looks are deceiving

I guess my problem was common, and I highly recommend people with rice pudding tendencies check here to see what other people did to make this work.  The liquid was delicious, though, so I’m eager to try again someday because I L-O-V-E rice pudding.

It looked nice, though.

Oh, Tyler

As part of my week-long vacation in California last week I bargained with the Other Eater in my Household to drive a wee bit out of the way to visit Tyler Florence’s kitchen goods store in Mill Valley.

It was soooooo worth it.

The store, to begin with, is a mix of Williams-Sonoma (high end, pretty and also useful cooking tools) and Chef’s Catalog (useful things that you keep hidden in a  cabinet) and a flea market – there was a whole table of old pitchers and serving sets and the like right inside the door.  The back of the store has a small kitchen, likely used for demonstration classes, and then a small library with all sorts of cool cookbooks, including a whole section dedicated to Tyler’s Food Network Colleagues. And on the day I was there, Tyler was using the kitchen to make chicken and dumplings.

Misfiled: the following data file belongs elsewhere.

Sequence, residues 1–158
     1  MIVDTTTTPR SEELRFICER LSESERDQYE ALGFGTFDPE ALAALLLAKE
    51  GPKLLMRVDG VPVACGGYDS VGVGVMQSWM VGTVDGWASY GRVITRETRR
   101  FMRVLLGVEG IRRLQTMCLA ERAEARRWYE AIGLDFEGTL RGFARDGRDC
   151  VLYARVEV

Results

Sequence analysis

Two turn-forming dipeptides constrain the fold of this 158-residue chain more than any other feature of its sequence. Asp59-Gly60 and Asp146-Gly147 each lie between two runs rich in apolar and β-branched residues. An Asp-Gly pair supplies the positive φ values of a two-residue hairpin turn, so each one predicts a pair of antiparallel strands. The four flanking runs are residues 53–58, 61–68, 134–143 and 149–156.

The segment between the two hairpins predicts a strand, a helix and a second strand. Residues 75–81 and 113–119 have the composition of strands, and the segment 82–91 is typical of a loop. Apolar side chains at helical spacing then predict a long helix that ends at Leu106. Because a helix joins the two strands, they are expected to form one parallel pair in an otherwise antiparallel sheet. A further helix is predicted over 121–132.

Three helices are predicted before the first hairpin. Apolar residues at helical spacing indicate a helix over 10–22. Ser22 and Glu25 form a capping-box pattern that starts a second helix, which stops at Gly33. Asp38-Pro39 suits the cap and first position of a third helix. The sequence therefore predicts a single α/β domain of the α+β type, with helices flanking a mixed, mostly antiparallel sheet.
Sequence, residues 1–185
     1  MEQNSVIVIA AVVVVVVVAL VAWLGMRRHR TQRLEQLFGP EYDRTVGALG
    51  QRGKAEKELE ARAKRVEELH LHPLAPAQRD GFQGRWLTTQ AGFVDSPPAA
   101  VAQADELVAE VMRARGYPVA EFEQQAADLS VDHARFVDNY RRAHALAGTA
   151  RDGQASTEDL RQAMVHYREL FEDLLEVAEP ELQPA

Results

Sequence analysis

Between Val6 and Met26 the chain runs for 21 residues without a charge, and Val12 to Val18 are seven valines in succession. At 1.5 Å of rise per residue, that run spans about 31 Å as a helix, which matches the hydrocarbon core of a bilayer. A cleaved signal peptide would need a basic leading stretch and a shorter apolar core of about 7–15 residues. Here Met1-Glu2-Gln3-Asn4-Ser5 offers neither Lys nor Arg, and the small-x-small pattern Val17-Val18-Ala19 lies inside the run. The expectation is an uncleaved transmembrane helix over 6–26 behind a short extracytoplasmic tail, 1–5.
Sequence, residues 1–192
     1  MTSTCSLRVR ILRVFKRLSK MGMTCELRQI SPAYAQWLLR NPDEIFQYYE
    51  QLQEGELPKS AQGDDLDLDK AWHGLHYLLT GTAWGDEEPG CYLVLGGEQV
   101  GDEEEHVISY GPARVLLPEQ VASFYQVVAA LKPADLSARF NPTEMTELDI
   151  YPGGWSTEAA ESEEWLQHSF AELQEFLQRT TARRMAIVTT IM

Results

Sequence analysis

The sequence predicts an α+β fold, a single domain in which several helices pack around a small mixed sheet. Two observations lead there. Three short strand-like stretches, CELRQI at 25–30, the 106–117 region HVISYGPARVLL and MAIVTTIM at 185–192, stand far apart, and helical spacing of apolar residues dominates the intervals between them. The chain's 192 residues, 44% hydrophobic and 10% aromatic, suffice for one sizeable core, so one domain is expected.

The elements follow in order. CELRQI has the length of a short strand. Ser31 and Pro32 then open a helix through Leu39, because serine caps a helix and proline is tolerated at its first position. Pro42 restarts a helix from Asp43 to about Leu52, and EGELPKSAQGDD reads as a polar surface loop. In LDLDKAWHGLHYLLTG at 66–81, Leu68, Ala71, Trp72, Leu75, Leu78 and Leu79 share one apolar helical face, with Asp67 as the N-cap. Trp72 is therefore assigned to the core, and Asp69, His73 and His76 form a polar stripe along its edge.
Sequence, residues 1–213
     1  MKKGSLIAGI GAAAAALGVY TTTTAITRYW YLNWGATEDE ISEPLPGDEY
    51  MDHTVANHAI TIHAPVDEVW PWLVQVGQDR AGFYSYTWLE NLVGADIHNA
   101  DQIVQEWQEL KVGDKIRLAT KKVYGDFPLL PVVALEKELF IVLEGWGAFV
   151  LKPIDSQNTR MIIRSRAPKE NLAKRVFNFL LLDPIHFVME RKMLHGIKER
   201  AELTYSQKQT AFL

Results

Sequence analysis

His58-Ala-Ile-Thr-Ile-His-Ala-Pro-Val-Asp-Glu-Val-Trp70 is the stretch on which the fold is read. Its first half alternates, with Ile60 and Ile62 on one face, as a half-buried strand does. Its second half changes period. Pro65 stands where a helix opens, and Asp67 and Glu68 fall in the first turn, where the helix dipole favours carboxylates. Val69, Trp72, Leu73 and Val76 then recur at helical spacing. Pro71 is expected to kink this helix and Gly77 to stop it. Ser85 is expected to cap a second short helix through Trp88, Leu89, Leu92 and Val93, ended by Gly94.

Tyler, chicken and dumplings

(That’s the Other Eater  on the left in the gray fleece jacket, sniffing Tyler’s chicken. Tyler is in gray in the center, well-lit)

In my star-struck shame, I sort of made friends with the saleslady, JoJo, a Naperville native, who told me that I was welcome to stay and watch the filming while I shopped and oh-by-the-way-if-you-buy-a-book-Tyler-will-sign-it-did-I-mention-he-has-two-new-ones-that-just-came-out-they’re-right-here. They were filming a segment for Macy’s (JoJo said the Food Network shows are still done in New York).